No they state fuel capacity not fuel offload. 242t MTOW minus 125 OEW gives only 117t fuel capacity. Airbus has clearly put in a big extra fuel tank and it won't be able to be filled up all of the way up.
As I replied before someone took a machete to this thread, 125T is not a realistic OEW unless you have a fully equipped passenger interior and windows.
An A330-200F weighs just under 110T. And that's the production version. I believe the P2F may even be lighter as it lacks the goiter and replaces the bulkhead with a 9G net.
A USAF-spec tanker, which is basically a freighter with a boom, would be much closer to 115T.
I'd also be wary of using Wikipedia figures for this sort of conjecture, especially when it comes to empty weights. They tend to base these figures on pax/freighter versions, which themselves are pretty unreliable.
The LMXT could easily outload the KC-46, with the added bonus of having a whole lot more modularity and options when it comes to carrying personnel, cargo and fuel.
I can easily see one of them dragging a detachment of fighters across the Atlantic or Pacific via Hawaii while carrying over 100 supporting ground personnel/troops in the main cabin on palletized seat modules and 20+ tons of spares and ground equipment in the lower holds.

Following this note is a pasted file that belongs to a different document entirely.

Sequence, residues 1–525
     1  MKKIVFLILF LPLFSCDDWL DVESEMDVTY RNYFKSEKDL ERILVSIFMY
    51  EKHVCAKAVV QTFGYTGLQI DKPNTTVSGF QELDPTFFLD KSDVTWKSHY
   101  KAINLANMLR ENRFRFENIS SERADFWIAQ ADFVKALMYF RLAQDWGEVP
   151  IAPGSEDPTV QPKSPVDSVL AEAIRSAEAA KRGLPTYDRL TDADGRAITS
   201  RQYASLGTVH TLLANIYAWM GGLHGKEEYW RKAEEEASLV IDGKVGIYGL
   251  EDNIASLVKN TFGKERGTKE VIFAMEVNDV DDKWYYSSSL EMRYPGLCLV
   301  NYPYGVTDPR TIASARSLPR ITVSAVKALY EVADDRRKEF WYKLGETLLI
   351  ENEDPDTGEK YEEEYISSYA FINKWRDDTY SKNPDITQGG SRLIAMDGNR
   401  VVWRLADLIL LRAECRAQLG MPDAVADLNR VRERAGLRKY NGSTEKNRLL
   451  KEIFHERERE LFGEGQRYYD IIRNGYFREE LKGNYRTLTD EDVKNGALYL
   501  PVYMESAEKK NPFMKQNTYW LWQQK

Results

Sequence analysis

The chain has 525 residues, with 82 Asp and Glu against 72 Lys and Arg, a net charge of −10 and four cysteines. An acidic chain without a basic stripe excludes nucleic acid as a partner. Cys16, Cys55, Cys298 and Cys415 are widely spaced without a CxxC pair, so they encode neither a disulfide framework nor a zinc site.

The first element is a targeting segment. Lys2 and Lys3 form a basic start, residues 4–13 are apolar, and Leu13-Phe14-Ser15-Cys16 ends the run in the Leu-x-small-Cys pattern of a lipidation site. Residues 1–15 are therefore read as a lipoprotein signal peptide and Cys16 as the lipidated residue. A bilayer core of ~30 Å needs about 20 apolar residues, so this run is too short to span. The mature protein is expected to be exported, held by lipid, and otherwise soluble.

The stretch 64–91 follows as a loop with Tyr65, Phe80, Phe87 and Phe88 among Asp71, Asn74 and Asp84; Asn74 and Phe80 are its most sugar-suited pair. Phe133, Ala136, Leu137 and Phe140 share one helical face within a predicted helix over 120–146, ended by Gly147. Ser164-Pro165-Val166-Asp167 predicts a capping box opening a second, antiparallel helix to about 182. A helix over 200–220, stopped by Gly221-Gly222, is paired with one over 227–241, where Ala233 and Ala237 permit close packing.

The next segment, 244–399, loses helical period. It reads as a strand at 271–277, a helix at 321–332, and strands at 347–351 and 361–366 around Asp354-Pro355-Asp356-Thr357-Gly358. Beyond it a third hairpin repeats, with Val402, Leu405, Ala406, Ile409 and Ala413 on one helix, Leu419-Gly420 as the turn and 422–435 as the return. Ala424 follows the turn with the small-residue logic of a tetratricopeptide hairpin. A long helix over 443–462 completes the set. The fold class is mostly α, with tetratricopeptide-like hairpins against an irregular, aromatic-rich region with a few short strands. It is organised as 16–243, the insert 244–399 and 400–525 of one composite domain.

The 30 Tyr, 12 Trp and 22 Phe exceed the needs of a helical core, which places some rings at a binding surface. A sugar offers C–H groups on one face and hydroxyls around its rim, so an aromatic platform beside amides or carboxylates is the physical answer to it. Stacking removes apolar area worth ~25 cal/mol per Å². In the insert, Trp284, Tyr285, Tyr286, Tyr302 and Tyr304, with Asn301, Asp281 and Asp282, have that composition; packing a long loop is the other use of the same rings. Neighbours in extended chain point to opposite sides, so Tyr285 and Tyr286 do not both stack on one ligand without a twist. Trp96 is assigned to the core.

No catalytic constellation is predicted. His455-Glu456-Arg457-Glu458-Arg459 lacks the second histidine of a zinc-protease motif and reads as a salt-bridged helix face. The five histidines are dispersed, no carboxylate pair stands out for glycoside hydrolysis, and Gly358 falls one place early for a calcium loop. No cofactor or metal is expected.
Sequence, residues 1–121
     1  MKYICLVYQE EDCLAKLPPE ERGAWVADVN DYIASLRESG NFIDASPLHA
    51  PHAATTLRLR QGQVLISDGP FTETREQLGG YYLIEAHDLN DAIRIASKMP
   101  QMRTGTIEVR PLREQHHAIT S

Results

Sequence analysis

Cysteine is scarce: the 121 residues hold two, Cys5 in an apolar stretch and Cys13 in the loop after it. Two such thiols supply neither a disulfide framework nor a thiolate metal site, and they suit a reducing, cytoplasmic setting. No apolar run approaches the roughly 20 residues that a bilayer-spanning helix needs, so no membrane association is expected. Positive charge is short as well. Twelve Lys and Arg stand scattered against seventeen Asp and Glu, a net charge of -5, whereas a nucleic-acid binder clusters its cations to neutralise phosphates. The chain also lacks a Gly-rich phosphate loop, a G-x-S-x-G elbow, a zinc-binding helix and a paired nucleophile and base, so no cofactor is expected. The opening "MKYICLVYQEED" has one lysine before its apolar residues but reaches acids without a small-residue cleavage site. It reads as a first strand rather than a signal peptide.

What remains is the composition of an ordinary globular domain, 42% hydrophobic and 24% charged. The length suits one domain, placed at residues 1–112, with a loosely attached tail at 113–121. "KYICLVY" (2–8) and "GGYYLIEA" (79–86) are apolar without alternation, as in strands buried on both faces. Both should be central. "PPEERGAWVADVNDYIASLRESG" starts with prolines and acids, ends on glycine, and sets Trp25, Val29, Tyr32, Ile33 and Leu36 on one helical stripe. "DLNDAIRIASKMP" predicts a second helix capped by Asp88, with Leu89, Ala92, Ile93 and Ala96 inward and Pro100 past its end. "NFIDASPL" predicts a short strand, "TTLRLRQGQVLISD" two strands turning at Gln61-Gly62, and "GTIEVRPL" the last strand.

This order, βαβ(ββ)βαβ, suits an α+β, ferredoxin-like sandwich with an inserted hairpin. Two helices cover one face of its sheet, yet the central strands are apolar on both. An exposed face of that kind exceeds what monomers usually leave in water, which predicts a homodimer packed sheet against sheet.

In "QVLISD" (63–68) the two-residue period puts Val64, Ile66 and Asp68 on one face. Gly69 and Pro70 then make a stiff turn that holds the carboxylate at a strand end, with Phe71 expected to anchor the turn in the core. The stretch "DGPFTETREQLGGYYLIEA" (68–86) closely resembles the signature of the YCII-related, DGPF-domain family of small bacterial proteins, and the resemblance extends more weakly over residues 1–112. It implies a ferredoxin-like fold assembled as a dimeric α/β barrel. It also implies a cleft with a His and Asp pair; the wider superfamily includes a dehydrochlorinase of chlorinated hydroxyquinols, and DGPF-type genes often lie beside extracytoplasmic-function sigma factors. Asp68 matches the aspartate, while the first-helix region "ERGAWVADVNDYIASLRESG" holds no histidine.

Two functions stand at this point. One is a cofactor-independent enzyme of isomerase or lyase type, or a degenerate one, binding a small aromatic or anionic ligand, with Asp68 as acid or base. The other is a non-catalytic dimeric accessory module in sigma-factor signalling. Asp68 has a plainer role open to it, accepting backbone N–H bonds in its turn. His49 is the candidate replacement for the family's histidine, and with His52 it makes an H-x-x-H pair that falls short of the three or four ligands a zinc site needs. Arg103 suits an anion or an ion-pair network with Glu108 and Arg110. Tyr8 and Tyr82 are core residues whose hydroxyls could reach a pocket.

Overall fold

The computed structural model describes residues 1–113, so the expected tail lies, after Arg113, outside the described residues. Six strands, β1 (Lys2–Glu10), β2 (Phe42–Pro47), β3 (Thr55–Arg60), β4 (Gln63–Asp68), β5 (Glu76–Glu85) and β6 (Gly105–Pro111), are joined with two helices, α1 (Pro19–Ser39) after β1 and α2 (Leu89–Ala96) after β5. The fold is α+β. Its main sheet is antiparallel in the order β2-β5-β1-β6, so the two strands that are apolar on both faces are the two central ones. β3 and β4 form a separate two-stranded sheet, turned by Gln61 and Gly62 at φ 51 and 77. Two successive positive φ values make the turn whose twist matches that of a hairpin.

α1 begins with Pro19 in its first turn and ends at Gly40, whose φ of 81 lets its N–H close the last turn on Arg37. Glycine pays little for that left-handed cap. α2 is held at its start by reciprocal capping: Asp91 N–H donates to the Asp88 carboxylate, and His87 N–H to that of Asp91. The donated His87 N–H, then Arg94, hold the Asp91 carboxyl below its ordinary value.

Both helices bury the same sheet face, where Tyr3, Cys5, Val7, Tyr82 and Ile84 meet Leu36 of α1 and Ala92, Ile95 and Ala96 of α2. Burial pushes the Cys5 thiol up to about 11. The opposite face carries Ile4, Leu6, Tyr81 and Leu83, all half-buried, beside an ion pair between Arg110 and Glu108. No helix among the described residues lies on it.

This is what makes it so attractive, especially for Air Forces which do not have a plethora of different logistics airplanes to each perform specific missions and where multi-role capability becomes much more valuable.
Of course the requirements of the USAF may differ. They may, as in the previous RFP, require only a pure tanker (just bigger) and let the cargo and people be flown by other equipment.
At the end of the day, the main selection factor will be political. It was the last time, and always will be when it comes to military procurements with that kind of budget and public visibility. This essentially means the LMXT has no chance whatsoever IMO.
I just wish LM and Airbus had learned their lesson from the first round.